“Also, these treatments were not covered under my insurance as they were deemed “experimental.” Each set of Botox injections was about $5000, which I had to pay up front, a total of $15,000. Each set of steroid injections was about $5000 also. The grand total of the 5 sessions was $25,000., out of pocket. This gives you an idea of how desperate I was.

• FINALLY, by accident, the mother of Anne’s daughter’s roommate heard Anne’s story. She recommended that Anne run, not walk, to a physical therapy clinic in Sedona, Arizona, the John F. Barnes “Therapy on the Rocks” clinic, which has been helping people with myofascial stricture for 50 years. Anne told me, in 2012, that her first three weeks of myofascial stricture release physical therapy in September of that year, had cut her pain in half. Anne was and is ecstatic. And I was so happy to hear her good news! At this point, the end of March, 2013, Anne says her pain is down 75%. By 2017, Anne’s pain would be 95% gone.

“The sixteen years of urological treatment I’ve had made my symptoms worse; it was also extremely expensive. My husband and I, and our health insurance company would have saved thousands and thousands of dollars if I’d known, in 1997, when my symptoms began, that what I really needed was myofascial physical therapy. Myofascial therapy is also expensive, but not nearly as costly as all that urological treatment; the first three weeks of intensive myofascial therapy was not reimbursed by my insurance, and I don’t know if the rest of the program will be or not. I hope my story will help change things.”

I asked Anne to describe her experience with this therapy and how it helped her. This is what she wrote:
Anne’s myofacial release physical therapy (MFR) experiences
I began Myofacial release physical therapy April, 2012, 16 years after the onset of IC, pelvic floor dysfunction and severe chronic pelvic pain. Receiving bi-weekly Myofacial physical therapy treatments, practicing yoga regularly, reducing high oxalate foods from my diet and drinking alkaline balanced spring water has significantly helped to reduce my pain level. I would like to share with you my experiences and insights with Myofacial Release Physical Therapy as it relates to my own journey towards health and healing.
My first experience with Myofacial release therapy (Mfr) was with an intensive 3 week program at the John F. Barnes “Therapy on the Rocks” (tor) clinic in Sedona, Az. It was recommended to me by my daughter’s roommate’s mother, who had attended the program years before. As my daughter was describing my health issues and pain level to her, she said, “Tell your mother to run, not walk, to Therapy on the Rocks clinic in Sedona for Myofacial release physical therapy”. So I did just that. I Called Therapy on the Rocks (tor) that day and got the last slot for the intensive program starting the following week. I booked myself for only two weeks initially, but a week and a half into the second week, I had a major breakthrough, so wisely stayed for the third week!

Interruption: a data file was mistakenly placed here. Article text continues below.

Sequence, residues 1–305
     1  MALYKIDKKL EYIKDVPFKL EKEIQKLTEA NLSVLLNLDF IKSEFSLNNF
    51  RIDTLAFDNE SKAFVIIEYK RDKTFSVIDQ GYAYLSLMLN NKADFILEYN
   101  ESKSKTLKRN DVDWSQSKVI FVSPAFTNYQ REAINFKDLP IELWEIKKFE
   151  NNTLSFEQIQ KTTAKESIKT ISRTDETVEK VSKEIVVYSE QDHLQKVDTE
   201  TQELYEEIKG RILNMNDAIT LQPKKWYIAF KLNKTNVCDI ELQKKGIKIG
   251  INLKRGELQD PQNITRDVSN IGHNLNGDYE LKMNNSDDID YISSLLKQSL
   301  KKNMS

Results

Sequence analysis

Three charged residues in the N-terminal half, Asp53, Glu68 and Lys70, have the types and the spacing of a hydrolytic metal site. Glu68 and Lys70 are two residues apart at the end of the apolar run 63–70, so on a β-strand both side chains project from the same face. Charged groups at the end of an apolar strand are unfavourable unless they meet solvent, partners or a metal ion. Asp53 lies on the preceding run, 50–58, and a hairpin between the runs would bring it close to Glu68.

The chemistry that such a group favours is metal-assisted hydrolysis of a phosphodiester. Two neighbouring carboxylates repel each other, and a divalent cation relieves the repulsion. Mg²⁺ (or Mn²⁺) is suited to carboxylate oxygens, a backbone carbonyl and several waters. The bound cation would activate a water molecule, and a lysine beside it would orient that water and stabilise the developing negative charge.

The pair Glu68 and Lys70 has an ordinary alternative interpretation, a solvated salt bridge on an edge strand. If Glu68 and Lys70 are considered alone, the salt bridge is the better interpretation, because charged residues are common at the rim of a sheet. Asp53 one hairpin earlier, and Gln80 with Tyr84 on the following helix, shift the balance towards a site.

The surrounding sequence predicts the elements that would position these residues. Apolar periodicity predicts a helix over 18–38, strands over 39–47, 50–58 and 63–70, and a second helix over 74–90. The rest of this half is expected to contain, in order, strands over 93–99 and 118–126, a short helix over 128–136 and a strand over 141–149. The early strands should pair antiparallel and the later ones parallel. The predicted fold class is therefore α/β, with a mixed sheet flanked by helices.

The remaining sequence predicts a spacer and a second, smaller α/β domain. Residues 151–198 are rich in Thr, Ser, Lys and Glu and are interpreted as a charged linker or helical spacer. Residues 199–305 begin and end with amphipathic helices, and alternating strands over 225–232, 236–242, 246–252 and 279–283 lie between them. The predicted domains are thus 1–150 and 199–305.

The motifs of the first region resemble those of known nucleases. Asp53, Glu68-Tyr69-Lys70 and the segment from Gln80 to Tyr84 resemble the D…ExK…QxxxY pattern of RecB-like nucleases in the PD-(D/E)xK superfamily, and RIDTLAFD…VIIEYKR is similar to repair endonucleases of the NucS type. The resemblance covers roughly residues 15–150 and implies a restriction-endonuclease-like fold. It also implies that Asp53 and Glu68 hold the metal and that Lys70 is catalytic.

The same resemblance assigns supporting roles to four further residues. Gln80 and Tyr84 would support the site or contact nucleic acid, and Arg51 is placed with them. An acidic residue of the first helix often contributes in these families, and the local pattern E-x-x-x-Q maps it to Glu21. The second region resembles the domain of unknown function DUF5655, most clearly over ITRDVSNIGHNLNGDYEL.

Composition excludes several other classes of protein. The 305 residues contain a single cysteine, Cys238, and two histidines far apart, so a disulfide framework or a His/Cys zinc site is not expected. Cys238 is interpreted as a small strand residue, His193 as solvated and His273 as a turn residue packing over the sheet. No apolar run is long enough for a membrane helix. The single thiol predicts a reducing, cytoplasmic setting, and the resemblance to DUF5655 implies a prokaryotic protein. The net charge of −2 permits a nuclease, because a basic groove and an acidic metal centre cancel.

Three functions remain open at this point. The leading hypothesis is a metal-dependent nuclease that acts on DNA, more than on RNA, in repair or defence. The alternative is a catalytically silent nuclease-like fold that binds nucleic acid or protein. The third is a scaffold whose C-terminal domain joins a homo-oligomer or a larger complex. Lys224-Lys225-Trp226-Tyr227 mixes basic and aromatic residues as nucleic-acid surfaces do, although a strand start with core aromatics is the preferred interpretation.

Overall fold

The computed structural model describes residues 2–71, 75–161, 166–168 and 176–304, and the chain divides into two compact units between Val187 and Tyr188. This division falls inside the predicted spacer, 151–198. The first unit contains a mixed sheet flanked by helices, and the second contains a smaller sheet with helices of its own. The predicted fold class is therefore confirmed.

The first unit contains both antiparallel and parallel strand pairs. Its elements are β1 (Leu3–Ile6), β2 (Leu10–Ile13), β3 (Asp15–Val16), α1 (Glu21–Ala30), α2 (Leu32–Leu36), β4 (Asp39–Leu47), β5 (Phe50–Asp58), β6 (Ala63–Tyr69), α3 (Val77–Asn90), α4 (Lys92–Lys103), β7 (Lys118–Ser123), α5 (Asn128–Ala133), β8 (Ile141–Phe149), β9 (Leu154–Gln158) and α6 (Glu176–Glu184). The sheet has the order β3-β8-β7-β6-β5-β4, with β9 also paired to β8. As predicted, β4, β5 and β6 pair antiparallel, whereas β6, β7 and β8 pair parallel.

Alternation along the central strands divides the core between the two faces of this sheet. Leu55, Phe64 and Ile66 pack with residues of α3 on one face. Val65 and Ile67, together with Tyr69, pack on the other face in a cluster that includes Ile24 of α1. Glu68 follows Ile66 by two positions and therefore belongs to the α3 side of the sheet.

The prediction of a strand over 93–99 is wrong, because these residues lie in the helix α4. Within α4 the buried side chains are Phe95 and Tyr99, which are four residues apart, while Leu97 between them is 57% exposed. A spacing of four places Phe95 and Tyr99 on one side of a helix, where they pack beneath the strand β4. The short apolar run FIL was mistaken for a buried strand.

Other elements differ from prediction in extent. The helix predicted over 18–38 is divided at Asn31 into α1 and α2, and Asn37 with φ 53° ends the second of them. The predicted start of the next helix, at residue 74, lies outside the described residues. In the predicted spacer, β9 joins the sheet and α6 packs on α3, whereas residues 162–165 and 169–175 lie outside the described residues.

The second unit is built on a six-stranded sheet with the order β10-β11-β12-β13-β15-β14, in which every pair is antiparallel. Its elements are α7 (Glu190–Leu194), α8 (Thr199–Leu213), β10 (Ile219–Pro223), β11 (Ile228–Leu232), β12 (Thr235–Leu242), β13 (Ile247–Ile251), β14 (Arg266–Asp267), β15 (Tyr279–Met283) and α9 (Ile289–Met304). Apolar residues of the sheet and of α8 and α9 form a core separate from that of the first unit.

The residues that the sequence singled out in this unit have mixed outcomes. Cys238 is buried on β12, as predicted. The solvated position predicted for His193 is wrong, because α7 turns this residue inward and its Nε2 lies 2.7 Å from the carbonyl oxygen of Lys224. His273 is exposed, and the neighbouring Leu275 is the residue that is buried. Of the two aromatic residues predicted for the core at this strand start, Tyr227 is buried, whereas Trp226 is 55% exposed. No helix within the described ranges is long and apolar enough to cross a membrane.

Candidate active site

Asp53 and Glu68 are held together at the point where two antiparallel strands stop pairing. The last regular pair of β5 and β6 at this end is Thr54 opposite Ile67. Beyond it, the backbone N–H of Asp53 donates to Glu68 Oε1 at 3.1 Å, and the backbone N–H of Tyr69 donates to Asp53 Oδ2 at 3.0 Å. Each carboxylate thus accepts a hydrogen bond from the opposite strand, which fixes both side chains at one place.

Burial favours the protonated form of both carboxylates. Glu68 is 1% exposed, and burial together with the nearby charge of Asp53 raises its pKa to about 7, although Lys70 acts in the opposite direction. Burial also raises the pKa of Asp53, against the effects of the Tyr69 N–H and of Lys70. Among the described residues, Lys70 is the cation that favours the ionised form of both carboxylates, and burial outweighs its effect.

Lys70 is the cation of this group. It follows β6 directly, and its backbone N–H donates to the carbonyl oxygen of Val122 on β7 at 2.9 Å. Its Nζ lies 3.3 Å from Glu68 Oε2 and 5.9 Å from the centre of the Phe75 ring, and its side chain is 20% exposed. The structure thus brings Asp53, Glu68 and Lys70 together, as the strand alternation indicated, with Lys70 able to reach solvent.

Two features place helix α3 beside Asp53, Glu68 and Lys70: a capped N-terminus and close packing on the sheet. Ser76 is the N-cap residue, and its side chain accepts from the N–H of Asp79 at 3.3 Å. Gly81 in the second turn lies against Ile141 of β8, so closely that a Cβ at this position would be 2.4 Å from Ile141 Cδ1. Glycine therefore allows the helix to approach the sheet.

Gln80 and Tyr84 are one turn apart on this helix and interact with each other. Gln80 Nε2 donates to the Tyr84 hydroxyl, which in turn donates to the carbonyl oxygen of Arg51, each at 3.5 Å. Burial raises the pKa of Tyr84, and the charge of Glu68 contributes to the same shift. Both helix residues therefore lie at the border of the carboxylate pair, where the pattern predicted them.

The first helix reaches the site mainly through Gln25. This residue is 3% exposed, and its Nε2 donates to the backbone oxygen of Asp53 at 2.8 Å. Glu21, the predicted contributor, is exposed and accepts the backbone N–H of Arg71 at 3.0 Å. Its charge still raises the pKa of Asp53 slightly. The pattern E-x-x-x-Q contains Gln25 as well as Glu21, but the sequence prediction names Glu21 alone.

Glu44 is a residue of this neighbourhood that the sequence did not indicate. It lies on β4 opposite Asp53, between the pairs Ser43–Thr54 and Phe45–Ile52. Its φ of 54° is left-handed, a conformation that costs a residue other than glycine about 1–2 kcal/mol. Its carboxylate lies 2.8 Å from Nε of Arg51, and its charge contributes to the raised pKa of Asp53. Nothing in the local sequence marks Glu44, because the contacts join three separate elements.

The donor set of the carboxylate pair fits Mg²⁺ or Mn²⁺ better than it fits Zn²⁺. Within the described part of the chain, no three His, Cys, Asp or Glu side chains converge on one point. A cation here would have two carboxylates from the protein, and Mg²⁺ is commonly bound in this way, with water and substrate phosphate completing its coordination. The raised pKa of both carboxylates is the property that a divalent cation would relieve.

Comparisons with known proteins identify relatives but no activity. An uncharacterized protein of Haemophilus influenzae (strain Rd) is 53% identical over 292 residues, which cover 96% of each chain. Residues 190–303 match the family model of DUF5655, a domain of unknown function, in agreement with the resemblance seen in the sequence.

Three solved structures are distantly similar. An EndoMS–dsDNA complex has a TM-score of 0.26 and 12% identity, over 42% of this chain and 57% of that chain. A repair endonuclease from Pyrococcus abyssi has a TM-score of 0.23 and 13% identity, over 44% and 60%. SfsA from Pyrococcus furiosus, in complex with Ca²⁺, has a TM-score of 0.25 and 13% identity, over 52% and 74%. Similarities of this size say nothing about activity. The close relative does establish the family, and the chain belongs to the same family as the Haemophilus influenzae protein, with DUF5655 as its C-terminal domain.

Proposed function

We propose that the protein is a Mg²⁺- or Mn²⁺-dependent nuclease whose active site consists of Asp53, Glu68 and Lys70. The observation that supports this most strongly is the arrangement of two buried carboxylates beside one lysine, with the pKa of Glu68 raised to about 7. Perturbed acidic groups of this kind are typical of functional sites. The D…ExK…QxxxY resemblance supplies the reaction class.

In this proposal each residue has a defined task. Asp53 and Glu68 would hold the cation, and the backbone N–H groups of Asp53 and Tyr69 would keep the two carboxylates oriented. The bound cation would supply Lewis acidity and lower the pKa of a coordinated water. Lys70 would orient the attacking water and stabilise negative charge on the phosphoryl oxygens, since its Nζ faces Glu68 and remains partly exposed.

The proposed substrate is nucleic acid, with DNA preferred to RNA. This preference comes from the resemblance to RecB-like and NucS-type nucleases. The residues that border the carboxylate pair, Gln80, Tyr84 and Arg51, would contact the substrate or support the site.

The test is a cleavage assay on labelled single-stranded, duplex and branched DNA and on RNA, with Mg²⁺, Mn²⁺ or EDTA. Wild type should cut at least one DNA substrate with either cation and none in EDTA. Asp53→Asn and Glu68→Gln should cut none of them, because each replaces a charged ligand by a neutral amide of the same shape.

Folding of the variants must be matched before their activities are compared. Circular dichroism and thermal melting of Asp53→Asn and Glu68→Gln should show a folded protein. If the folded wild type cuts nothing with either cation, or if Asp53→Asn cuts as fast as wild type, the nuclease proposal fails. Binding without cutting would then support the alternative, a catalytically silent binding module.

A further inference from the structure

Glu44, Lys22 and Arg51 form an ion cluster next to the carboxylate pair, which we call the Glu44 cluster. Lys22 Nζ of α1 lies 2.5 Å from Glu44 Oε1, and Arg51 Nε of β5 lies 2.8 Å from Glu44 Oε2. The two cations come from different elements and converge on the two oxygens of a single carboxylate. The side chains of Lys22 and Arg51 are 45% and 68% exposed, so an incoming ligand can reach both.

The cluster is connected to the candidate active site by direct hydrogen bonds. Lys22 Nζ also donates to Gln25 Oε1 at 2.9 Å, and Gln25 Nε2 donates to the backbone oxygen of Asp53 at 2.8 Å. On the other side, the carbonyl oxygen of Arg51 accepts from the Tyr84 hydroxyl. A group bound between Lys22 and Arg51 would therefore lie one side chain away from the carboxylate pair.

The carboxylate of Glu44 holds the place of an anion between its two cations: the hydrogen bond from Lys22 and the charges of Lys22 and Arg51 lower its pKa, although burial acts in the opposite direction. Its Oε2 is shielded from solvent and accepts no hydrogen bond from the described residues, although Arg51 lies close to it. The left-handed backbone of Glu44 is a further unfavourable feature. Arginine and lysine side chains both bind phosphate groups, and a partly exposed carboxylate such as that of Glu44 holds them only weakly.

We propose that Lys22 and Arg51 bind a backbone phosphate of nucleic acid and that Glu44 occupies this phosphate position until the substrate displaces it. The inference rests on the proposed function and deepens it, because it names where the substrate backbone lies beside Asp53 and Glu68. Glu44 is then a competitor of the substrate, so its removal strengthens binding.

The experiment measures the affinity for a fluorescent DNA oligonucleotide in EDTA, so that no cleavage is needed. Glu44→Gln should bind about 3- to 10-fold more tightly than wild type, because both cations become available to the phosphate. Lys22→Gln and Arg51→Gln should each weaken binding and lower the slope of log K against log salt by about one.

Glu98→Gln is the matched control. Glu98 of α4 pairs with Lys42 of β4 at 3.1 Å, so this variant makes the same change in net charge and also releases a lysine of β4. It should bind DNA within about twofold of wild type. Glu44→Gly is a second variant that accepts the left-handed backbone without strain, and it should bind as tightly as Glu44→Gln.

Therapy on the Rocks (Tor) is not a fancy spa. It’s a warm and inviting healing center. It’s housed in a creeky, old wooden building perched on the side of Oak Creek Canyon in beautiful Sedona, AZ. Upon entering, I felt this place, these therapists and this process was going to change my life if I was willing to surrender and commit myself to the healing process. At 4 thousand dollars a week and my positive attitude, I dove in head first!
With each surgery, it creates its own set of adhesions and with each new surgery casme more adhesions and restrictions – so instead of making myself well, I was making myself sicker.
The John F. Barnes Mfr (myofascial release) intensive program includes 3 hours a day of mfr therapy and several other group classes. The three therapists who worked with me were all incredible people; knowledgeable, caring, supportive, encouraging, skilled professionals who sincerely want to help me heal. Feeling that instant relationship with a therapist for me is very important, as it becomes a very intimate relationship very quickly, especially when you’re having internal work done as I did. For me, Mfr is the therapy I had dreamed about for years. Finally I had found therapists knowledgeable enough to work on the epicenter of my pain, which in my case was internally on my urethra, pelvic floor, bladder and rectum. The work was and still is painful and intense, but getting those restrictions released makes it all worthwhile.
The process the body goes through during Mfr therapy when facial restrictions, trapped energy and trauma within the fascia are being released is called “unwinding” in the John F. Barnes Myofacial world. When I finally unwound for the first time, which wasn’t until day nine in the 2nd week of my intensive program, it was earth shattering. My entire body shook uncontrollably; my arms and legs were moving in all directions and I was making primal noises that I’d never heard before. That first unwinding session lasted 2 1/2 hours, with 2 separate therapists. It was exhausting. I had never cried that hard or deep in my life. My eyelids were turning inside out with each sob. I was in mourning.